I never received much in the way of art instruction. We had some art classes in grade school, but they were mostly about making art and not about studying existing art. I learned a bit by dating an artist, but my education was limited to the things he was interested in (which meant a lot of surrealism and African religious folk art). I've learned some by going to museums, but that was mostly self-guided. For a long time, I've found art to be very intimidating. I spent so much time worrying about what a picture was supposed to mean (and having no idea) that I was often unable to just enjoy it or take my own meaning from it. Art should not be scary. I'm hoping that these books will help my poor malnourished art brain.

Finally, about two and a half years ago, my sister-in-law asked me to be on the lookout for Club cookware for her. I'd never heard of it, and couldn't say that I'd even seen it before. Yesterday, I finally found some. I was about to just pass it by, figuring that since so much time had passed, my sister-in-law was probably not interested anymore. But this is the age of instant communication, so I texted her a picture of what they had and the price information. She did want it, so after all this time, I was finally able to fulfill her aluminum cookware dreams. Don't say you can't find good stuff used! It just takes a while sometimes.


klezmer anniversary.

"What are you doing the 16th?"

"Spending it with you, I hope."

"Want to go to a klezmer concert?"

"Uh...anything with you. Don't you have to work?"

"Oh, I already got off that day anyway."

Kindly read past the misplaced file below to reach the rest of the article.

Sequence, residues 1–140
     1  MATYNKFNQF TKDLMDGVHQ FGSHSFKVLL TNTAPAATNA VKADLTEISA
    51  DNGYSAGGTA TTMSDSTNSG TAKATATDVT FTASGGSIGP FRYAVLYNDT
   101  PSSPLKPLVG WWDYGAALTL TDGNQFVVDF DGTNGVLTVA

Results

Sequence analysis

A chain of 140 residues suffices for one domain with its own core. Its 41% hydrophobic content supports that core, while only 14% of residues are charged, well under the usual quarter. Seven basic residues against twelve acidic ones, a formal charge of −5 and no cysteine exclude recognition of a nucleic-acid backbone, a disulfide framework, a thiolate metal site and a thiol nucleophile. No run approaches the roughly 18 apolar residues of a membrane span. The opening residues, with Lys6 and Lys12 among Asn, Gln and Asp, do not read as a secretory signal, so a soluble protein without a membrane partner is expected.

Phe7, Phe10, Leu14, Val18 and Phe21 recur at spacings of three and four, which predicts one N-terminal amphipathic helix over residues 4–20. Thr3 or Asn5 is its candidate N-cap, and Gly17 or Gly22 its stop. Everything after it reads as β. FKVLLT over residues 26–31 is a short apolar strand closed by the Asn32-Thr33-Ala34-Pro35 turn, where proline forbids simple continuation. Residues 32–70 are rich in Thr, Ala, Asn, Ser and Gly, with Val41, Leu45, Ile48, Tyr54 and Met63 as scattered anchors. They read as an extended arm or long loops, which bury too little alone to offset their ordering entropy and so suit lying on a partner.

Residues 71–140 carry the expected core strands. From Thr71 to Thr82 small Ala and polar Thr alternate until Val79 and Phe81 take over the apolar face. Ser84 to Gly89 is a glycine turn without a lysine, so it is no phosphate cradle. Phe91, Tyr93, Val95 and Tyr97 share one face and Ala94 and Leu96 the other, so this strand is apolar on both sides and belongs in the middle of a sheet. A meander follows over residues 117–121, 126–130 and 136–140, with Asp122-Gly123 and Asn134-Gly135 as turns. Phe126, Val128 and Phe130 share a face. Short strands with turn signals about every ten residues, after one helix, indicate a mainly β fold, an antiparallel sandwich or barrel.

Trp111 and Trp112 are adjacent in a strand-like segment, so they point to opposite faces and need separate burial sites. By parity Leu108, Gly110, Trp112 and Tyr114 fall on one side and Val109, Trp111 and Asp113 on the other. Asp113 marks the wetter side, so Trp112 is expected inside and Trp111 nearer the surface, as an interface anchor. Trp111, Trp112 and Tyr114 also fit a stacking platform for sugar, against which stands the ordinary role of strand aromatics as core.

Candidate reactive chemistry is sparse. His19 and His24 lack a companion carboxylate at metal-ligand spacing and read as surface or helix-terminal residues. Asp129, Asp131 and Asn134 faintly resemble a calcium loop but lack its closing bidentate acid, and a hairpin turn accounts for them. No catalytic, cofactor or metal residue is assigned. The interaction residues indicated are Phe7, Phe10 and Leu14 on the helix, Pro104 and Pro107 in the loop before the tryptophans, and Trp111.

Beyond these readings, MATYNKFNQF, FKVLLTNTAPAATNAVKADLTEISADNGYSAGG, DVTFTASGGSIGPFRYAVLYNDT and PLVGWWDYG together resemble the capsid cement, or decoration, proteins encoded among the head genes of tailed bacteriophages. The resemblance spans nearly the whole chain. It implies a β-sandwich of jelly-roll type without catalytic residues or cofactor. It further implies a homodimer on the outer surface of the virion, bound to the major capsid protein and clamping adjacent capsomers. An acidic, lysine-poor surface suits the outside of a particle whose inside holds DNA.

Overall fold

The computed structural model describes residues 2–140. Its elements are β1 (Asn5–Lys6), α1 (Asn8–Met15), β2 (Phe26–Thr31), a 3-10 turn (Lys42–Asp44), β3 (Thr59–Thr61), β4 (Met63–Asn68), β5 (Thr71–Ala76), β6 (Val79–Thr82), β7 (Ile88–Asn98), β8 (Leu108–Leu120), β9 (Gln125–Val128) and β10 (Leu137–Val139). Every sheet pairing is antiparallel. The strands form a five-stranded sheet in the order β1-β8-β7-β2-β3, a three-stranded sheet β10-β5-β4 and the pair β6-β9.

I do not have a particular interest in klezmer. My only exposure to it was in a movie where a punk lady joined a klezmer band and made it a punk klezmer band. Klezmer started as dance music of the Ashkenazi Jews. As people immigrated to the States, klezmer met jazz and never was the same again.

I learned most of that by looking it up. So I have never expressed interested in Jewish folk music, and as far as I can remember, neither has my husband. Why would he pick that event for the first anniversary of our marriage? I did not know, but I was going with it. See, Josh has never planned anything for us before. I have a friend who complains that her boyfriend never plans anything, and she just wants him to sweep her off her feet once in a while. In listening to her, I realized that Josh was not a planner either. I was beginning to be a little grumpy about never being swept off my feet, but then I remembered that it hadn't bothered me before that day, and I should just go back to that state.

Now, while you can't make someone change, that doesn't mean they won't change on their own. So you could be tripping along thinking you don't have the planning type and then all of a sudden, you're being swept off to a klezmer concert. We talked about dinner afterwards, and I suggested we keep with the theme of...Jewish...stuff? I guess, and eat something along that line. He assured me that he would take care of that, too. My heart fluttered.

The concert was being thrown by the the Raleigh Chamber Music Guild. I'd had no idea there was such a thing as a Raleigh Chamber Music Guild. I had to ask Josh what chamber music was. It's music played by a small number of performers. It's often called the "music of friends," due to the intimate nature of the performances.

The show started late, and there were several announcements about filling empty seats in the middles of rows. It turns out that RCMG does not get a lot of sold-out shows. Apparently, the secret was klezmer. If only they'd known earlier about Raleigh's hidden passion for Jewish dance music!

As the performers walked onstage, one of them stepped up to the mike. "My ninety-seven year old grandmother died last week, and if it hadn't been for her, I never would've picked up a violin. So this is for her." It was a bit jarring and kind of a downer, but then - but then - they started to play. By the end of it, I wanted to thank that guy's grandmother.